WASHINGTON — A former New York City police officer facing felony charges for attacking a D.C. police officer during the Jan. 6 riot told jurors Thursday that he had grabbed the officer’s gas mask to help him “see my hands.”
Thomas Webster, a Marine Corps veteran who retired from the New York City Police Department after a 20-year career in law enforcement, spent several hours on the stand answering questions about why he swung a flagpole at an officer protecting the U.S. Capitol and why he grabbed that officer’s gas mask as he tackled him.
“I wanted him to see my hands, and I pushed against his gas mask,” Webster, 56, told jurors.
The Metropolitan Police officer who Webster attacked, Noah Rathbun, testified this week that he struggled to breathe as Webster grabbed his gas mask, causing the strap to press against his throat.
But a federal defense contractor with a top-secret security clearance who admitted he entered the Capitol on Jan. 6, 2021, was acquitted this month by a federal judge after a two-day bench trial.
Nearly 800 defendants have been arrested in connection with Jan. 6, and more than 250 have pleaded guilty. The FBI has hundreds more cases in the works.
Webster, who supported former President Donald Trump, testified that he was “upset” about the 2020 election results and was aware of “inflammatory” claims about the election’s being stolen. He said he “really got worked up” by seeing people on the Capitol lawn who were injured by police projectiles as law enforcement tried to control the pro-Trump mob.
Webster’s central claim is that Rathbun incited and taunted him. In video of the incident, Webster, who was already retired from the police force on Jan. 6, pushes a barricade against Rathbun and tells him to “take his s–t off.” He also claimed that Rathbun gestured in a way that invited him over the barricades, calling it “an obvious taunt.”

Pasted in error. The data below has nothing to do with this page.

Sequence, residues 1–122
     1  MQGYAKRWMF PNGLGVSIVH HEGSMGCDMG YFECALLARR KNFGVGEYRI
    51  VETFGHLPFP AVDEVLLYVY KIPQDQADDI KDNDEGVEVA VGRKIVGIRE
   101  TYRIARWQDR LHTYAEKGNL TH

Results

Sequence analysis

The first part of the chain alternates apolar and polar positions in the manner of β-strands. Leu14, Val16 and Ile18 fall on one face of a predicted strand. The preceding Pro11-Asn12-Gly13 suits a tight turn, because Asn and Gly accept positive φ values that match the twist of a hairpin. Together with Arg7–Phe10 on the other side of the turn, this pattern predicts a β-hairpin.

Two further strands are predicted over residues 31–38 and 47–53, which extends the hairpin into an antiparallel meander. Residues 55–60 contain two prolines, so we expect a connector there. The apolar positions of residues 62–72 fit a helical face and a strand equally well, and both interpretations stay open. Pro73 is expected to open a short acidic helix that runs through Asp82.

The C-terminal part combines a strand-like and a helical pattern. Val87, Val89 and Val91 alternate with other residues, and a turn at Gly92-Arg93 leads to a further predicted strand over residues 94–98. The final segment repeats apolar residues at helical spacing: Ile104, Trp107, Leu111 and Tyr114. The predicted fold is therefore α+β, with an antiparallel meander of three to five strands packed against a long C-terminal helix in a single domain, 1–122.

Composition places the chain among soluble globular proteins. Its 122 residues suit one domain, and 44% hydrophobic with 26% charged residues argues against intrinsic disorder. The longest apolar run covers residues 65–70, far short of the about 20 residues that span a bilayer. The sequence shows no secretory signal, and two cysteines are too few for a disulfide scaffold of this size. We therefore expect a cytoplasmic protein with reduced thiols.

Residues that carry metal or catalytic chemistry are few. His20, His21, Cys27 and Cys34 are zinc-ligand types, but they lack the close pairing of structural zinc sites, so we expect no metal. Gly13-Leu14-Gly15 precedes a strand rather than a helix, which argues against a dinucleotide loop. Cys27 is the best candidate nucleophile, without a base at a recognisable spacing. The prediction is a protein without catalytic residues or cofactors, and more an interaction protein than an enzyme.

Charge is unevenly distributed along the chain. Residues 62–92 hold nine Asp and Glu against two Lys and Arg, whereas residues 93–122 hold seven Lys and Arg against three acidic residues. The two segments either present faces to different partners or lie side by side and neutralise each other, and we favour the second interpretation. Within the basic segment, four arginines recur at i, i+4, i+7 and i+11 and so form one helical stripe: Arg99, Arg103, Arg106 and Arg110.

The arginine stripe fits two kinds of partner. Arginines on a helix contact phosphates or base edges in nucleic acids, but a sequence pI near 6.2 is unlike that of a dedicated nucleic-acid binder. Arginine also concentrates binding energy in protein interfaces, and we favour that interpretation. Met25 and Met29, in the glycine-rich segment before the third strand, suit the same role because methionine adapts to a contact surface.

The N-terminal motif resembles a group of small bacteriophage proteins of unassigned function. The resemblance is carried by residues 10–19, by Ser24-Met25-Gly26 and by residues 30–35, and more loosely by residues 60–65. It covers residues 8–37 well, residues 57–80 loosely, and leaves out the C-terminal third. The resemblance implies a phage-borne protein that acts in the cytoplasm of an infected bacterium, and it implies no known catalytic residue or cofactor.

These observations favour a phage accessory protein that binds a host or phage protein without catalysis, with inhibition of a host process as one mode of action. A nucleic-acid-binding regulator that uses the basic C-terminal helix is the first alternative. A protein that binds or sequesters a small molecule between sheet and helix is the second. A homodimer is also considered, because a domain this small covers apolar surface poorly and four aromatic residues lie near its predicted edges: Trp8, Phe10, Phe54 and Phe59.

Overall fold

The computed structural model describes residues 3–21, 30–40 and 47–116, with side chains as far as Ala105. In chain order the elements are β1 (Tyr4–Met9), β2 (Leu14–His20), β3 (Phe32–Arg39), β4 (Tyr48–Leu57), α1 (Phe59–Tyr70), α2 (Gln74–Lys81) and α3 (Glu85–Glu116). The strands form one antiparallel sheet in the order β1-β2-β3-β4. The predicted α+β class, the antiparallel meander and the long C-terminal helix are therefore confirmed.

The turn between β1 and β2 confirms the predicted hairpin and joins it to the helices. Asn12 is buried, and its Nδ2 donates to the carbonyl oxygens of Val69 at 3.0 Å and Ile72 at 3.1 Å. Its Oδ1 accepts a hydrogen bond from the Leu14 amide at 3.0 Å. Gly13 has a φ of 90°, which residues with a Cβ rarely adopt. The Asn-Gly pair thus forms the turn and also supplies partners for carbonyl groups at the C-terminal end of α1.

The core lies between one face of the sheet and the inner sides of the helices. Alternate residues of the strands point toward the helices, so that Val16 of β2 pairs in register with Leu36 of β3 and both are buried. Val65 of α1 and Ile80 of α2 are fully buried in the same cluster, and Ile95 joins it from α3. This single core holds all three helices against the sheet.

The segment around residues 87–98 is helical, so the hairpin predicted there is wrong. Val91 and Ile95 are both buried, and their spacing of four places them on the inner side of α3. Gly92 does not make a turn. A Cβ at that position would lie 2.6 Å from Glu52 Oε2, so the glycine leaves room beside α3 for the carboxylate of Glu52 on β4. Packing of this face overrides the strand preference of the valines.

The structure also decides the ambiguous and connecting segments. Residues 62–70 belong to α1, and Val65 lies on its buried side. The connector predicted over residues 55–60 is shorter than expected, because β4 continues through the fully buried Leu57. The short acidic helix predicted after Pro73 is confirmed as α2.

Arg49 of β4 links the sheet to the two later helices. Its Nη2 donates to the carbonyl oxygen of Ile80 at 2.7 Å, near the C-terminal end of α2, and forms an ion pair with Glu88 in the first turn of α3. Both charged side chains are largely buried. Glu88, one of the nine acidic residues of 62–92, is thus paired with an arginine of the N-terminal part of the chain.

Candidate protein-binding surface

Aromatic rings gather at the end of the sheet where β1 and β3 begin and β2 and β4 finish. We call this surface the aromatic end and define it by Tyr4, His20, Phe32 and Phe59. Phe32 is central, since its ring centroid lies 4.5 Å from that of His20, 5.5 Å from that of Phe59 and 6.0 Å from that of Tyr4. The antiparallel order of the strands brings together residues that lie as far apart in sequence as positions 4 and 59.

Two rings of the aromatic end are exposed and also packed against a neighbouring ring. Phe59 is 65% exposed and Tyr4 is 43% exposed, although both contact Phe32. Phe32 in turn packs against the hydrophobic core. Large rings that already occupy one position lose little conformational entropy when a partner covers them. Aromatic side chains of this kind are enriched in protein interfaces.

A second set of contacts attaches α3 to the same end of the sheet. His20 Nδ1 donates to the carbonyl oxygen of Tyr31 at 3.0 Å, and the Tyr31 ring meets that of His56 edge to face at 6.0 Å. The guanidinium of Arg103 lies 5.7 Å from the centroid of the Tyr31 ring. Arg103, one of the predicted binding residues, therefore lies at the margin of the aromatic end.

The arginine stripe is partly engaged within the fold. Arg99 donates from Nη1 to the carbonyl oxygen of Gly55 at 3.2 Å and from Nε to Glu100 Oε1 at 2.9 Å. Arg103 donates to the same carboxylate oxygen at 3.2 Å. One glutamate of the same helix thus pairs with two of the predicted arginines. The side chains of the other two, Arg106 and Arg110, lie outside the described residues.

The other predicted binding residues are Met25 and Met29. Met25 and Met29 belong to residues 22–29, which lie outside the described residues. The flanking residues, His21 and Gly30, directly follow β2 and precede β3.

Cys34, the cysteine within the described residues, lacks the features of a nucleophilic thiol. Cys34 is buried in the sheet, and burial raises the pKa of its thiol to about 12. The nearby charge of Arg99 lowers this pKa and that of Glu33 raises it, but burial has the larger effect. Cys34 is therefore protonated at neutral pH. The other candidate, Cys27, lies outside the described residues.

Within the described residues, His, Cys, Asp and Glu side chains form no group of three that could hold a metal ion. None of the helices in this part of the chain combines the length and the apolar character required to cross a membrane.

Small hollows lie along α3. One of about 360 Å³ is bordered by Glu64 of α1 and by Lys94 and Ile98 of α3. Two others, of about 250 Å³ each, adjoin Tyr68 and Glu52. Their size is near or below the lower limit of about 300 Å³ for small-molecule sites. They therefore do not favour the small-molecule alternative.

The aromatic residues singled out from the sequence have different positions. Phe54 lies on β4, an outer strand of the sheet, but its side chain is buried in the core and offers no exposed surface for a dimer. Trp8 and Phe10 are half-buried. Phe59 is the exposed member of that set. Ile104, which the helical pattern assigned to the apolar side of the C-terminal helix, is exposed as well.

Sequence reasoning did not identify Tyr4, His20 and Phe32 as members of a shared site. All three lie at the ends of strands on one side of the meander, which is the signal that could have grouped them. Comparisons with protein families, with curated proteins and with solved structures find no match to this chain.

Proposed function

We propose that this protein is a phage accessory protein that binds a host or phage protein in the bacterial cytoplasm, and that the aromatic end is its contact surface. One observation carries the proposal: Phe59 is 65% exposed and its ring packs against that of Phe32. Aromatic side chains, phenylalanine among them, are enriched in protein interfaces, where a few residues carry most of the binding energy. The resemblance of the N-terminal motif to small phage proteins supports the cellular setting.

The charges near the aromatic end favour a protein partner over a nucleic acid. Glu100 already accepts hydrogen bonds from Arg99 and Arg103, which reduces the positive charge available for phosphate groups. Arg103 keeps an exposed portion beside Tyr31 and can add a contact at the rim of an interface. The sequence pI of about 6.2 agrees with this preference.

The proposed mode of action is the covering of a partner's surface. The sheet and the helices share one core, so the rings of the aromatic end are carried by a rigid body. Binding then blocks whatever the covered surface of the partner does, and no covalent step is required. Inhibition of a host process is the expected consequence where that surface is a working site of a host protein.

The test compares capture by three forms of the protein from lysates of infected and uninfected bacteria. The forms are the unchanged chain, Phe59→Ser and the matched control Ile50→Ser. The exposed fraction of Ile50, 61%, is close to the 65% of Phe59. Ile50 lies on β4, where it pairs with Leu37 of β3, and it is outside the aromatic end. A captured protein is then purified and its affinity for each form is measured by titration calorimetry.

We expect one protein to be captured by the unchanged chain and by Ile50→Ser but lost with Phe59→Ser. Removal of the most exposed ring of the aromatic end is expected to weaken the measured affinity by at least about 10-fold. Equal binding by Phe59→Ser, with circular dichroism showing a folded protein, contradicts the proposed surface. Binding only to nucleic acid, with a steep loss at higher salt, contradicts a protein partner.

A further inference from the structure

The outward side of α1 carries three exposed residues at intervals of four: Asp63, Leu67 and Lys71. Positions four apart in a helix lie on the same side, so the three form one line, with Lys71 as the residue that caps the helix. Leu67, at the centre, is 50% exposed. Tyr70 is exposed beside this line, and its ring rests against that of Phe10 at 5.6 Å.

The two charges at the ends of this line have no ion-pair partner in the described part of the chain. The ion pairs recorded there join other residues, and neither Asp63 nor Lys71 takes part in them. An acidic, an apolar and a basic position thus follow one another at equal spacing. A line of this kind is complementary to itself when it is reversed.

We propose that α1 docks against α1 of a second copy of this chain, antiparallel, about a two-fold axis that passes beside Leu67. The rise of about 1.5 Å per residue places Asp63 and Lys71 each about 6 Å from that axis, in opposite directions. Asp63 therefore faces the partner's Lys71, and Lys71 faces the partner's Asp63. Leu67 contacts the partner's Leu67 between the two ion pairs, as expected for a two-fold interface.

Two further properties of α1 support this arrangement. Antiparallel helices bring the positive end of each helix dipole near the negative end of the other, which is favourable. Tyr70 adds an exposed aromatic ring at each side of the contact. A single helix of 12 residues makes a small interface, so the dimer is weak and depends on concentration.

After Webster pushed the barricade at Rathbun, he swung his flagpole at the officer. Webster said he did so out of “pure frustration.” Attempting to explain why he tackled Rathbun, Webster claimed that he was punched, although videos show Rathbun only making open-palmed contact with Webster after he pushes the barricade.
Webster said he thought Rathbun “really wants to fight me.”
“I almost felt like I was the cop and he was the protester,” Webster added.
Webster downplayed the force he used against Rathbun, claiming that he purposefully struck the metal barrier with a flagpole rather than the officer, and called it a “schoolyard” fight. But he played up the open-palm contact Rathbun made with his face, saying that he felt he’d been hit by a freight train and that he was seeing stars after the impact. Webster called it “one of the hardest hits that I’ve had,” adding, “I’m not exaggerating.”
Webster said he “had a clear conscience” about the fight when he talked to the FBI. He was later seen on video saying “send more patriots” as rioters continued trying to take over the Capitol. Webster dismissed the remarks in court, arguing that he made them only because he wanted 15 minutes of fame.
“I just said something silly just to get on camera,” Webster said. “I didn’t mean it literally.”
The trial continues Friday with more witness testimony, followed by closing arguments. The jury could begin its deliberations as early as Friday.
Ryan J. Reilly is a justice reporter for NBC News.
Jillian Frankel is an associate producer for NBC News and MSNBC.